Armistice day. On the 11th hour, of the 11th day, of the 11th month, we stop our daily activities, and for 2 minutes we reflect on the dead, the dead soldiers who fought to defeat the threat of invasion, suppression and death.

We seem to remember the heroes. The men, women and children who sacrificed so much to defeat the Central Powers (As Armistice day is the anniversary of the end of World War One). It has expanded over the years, we honour those who died in World War 2, as well as the Korean War, the Gulf War, the Iraq war, the war in Afghanistan and any other wars.

I have never been an advocate for war. I believe that true disputes can be solved without war. Just talking, and understanding and taking diplomatic actions without the use of violence is better. It is an optimistic thought, and we’ll probably still have war for my lifetime at least. I feel most wars are started over a few things: greed, religion, and misunderstandings all in the name of ‘destroying dictatorships’. While not the case in some wars, if you look at the root causes of some of them, you’ll find at least one of those topics.

I also feel we forget the survivors. It’s all well and good remembering the brave men and women who died in the name of freedom, but there are also lots of brave people who are not honoured with the respect that they deserve. Many men have survived and were forced into alcoholism, homelessness and drug use, to get away from the faces of the people they have murdered in the name of democracy. Some of this is justified of course, as in the world wars, but wars like Iraq, which is a very polarising war over whether we should have helped Bush in the War on Terror. Many who returned had physical and mental scars, resulting in in broken homes and relationships. These men have given up their peace of mind to save your lives, and do we honour them?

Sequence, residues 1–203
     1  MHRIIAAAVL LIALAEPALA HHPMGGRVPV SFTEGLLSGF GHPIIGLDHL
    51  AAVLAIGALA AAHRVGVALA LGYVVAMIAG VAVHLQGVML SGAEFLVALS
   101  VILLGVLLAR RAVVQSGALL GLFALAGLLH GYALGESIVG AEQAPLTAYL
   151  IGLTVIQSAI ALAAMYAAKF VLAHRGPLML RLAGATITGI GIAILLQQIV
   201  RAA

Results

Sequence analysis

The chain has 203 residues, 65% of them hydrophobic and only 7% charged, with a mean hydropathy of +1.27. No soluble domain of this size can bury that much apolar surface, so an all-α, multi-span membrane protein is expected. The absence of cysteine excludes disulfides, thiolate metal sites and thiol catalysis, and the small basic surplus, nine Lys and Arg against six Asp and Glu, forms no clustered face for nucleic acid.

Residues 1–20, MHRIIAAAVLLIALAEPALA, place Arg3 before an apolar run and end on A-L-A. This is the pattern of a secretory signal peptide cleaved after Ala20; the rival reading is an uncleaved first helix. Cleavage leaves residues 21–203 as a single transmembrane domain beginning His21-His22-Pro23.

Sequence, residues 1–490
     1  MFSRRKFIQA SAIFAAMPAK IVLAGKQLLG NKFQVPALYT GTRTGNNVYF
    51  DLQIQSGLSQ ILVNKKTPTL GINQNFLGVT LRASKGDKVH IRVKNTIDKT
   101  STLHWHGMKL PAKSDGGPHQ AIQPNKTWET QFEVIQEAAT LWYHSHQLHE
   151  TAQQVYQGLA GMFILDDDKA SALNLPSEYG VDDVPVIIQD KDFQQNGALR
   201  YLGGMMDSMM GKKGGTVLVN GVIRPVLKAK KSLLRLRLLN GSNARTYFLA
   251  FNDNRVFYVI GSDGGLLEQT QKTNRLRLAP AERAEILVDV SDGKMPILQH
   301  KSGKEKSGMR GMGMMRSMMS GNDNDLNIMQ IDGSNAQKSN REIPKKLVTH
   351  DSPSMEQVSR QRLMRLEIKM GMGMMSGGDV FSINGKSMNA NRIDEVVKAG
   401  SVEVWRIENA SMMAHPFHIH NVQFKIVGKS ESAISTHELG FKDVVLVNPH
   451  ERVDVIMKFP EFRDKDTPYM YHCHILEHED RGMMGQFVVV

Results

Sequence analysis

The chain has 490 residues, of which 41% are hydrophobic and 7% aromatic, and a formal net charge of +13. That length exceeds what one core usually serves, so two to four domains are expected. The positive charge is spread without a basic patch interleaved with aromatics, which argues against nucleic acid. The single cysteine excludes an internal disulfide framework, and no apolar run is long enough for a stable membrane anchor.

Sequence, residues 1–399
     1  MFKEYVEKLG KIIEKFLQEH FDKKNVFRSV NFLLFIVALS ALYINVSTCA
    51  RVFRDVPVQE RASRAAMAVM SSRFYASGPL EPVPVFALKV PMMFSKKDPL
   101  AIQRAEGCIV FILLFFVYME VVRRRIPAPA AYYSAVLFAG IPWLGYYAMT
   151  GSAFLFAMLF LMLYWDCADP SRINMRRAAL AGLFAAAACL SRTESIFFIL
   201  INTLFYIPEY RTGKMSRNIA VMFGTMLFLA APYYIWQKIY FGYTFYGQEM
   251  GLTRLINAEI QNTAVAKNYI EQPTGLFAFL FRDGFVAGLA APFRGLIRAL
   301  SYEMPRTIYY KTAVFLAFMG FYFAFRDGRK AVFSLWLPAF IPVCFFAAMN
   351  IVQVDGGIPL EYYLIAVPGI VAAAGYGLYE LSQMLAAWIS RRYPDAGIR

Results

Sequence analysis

Some men and women are lucky, as my Great Granddad who served in the navy until the 1950’s, until leaving. We still have his medals, at my Granddad’s house. RIP all who died in war, and my thoughts are with the men and women fighting their own, personal wars. We hope you win.

About the author


Since 2012, Benjamin Attwood has written for the If you Ask Ben blog.

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